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29 Aug
2018

How to Brew Kombucha at Home


kombucha

Fermented foods are great for your health, and home-brewed kombucha is a great way to get your daily dose!

Kombucha (kom-BOO-cha) is a type of fermented, tea-based drink with a refreshing flavour and slight effervescence. Fermented foods and probiotics could be the key to good gut health, and this is a great way to add more to your diet.

Kombucha has become popular in South Africa amongst the growing community of wellness lovers. You can buy it at most health food stores, some food markets, and even some trendy restaurants. At ±R30 for 340 ml, store-bought kombucha doesn’t come cheap. It’s really easy to brew at home, for a fraction of the cost.

You will need some starter kombucha and a SCOBY (Symbiotic Colony of Bacteria and Yeast). It looks a bit like a jellyfish. You can buy a SCOBY as part of a kombucha starter kit. Because SCOBY multiplies after every brew, a brewer friend would probably be happy to gift you one.

How to brew kombucha in a three-litre jar

You will need

3-litre glass jar
Rubber band or piece of string
A 20×20 cm square of cloth (cloth that will allow air in, but keep bugs out)
A drinking straw
Funnel
Cloth to filter the tea
Plastic or glass bottles with lids in which to store the tea
Large jug for pouring (optional)

Ingredients

Tea (± 6 good quality teabags)
Sugar (± 200g brown sugar)
Purified water (± 2.75 litres)
Starter kombucha (± 200 ml)
SCOBY

Method

In a clean 3-litre glass jar, add the sugar and tea bags. Add only a little boiling water at a time to avoid cracking the glass jar. Steep the tea for ±20 minutes and dissolve the sugar. Remove the teabags and top up the jar with cold purified water until ±three-quarters full. When the mixture is quite cool, add the starter kombucha. High temperatures could kill the required bacteria. Lower in the SCOBY. Don’t worry if it sinks, floats, or looks a bit lopsided. Over time, the SCOBY will spread out across the surface of the liquid to create an air-tight brew environment.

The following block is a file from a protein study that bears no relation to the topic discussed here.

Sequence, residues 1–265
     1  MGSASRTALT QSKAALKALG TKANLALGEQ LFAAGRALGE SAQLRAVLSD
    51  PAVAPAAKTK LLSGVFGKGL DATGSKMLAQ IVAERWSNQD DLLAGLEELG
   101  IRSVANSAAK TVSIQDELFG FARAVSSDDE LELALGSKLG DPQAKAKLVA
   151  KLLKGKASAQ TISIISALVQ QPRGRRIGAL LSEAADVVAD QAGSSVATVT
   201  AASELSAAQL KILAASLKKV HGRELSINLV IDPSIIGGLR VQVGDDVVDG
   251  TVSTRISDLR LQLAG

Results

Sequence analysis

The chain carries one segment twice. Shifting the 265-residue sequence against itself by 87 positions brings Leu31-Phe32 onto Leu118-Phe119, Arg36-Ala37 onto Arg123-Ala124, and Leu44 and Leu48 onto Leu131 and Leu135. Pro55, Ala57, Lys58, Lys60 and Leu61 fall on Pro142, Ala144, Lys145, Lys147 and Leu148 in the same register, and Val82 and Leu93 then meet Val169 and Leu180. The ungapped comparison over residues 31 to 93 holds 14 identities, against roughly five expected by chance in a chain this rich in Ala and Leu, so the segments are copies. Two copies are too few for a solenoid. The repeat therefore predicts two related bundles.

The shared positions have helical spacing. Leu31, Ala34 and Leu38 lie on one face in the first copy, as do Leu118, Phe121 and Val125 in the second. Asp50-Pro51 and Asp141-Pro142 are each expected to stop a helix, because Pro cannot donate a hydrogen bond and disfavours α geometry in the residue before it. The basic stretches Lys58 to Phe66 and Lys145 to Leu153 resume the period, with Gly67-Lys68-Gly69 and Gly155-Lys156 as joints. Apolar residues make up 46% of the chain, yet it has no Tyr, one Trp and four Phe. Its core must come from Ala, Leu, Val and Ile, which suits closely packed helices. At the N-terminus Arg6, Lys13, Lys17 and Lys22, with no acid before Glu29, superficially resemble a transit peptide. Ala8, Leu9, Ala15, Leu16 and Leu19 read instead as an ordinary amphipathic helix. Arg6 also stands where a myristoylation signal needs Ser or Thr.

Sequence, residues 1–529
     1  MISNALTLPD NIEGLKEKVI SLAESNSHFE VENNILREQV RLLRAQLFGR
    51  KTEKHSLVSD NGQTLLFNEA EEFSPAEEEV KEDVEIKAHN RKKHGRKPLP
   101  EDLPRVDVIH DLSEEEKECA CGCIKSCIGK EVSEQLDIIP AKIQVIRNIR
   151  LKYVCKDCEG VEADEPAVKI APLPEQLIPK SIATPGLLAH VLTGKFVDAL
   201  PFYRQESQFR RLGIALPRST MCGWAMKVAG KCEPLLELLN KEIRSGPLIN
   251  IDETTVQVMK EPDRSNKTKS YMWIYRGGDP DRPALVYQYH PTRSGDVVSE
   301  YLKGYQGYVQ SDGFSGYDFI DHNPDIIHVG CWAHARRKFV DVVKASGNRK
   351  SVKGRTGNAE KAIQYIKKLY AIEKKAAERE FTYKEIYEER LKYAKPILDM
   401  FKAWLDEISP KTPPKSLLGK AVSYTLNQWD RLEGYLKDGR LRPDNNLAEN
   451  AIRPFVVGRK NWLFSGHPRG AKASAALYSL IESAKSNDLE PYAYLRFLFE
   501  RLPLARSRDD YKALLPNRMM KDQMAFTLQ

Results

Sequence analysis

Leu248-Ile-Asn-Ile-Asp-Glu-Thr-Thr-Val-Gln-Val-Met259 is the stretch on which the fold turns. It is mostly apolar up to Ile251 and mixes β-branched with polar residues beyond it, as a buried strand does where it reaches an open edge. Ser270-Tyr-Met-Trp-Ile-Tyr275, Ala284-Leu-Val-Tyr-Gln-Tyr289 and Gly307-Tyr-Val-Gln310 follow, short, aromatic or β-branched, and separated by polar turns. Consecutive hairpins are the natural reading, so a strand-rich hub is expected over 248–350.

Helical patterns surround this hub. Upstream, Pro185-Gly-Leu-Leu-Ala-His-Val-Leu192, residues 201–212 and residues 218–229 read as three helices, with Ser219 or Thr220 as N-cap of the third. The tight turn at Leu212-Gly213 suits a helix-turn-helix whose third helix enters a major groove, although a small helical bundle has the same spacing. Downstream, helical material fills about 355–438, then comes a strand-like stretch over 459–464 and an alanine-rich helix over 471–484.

Secure a square of breathable cloth on top with string or rubber band. Stand it in a dark area away from sunlight. Do not move it as this could disturb the brewing process. Let it rest for ±10–14 days.

Testing

Lower a drinking straw into the tea; hold a finger over the top and lift it out to taste without contaminating the brew.

Harvesting your kombucha

When it tastes slightly effervescent and pleasantly fermented, remove the SCOBY. Line a funnel with a filter/cloth. Strain the kombucha through the funnel into your bottle/s.

While straining, you’ll notice sediment at the bottom of the jar. This sediment is rich in probiotics. Swish the kombucha around the jar to pick up all the sediment. Retain ±200 ml kombucha as the starter tea for your next brew.

While sealed and bottled, it should undergo a secondary fermentation which will lead to a pleasant fizz.

Notes

Interestingly, it’s not possible for kombucha to be sugar-free. The fermentation process relies on sugar to occur, and the resulting product is less sweet. Loaded with probiotics, kombucha is totally worth the remaining calories!

Any contact with metal might damage the SCOBY.

If storing in glass, be aware that pressure will build up and the bottle may explode if you forget about it.

Don’t be alarmed if your SCOBY grows brown strands.You can rinse it in clean water between brews if you wish.

Almost any type of tea will work but beware of herbal teas that are made with essential oils as it may damage the SCOBY.

Document your kombucha experiments on a chart, as follows, to uncover your ultimate recipe:

Happy brewing!

 

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